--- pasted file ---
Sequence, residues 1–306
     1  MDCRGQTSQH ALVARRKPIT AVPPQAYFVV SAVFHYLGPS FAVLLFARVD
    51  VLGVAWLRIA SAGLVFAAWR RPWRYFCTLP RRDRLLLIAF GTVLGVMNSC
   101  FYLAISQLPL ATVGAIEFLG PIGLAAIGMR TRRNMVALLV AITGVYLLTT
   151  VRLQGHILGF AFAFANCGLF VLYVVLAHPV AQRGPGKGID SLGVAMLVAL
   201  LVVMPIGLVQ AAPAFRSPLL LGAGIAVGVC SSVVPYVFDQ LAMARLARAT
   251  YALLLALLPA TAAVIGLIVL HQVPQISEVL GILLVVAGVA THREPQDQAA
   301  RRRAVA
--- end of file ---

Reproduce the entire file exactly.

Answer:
Sequence, residues 1–306
     1  MDCRGQTSQH ALVARRKPIT AVPPQAYFVV SAVFHYLGPS FAVLLFARVD
    51  VLGVAWLRIA SAGLVFAAWR RPWRYFCTLP RRDRLLLIAF GTVLGVMNSC
   101  FYLAISQLPL ATVGAIEFLG PIGLAAIGMR TRRNMVALLV AITGVYLLTT
   151  VRLQGHILGF AFAFANCGLF VLYVVLAHPV AQRGPGKGID SLGVAMLVAL
   201  LVVMPIGLVQ AAPAFRSPLL LGAGIAVGVC SSVVPYVFDQ LAMARLARAT
   251  YALLLALLPA TAAVIGLIVL HQVPQISEVL GILLVVAGVA THREPQDQAA
   301  RRRAVA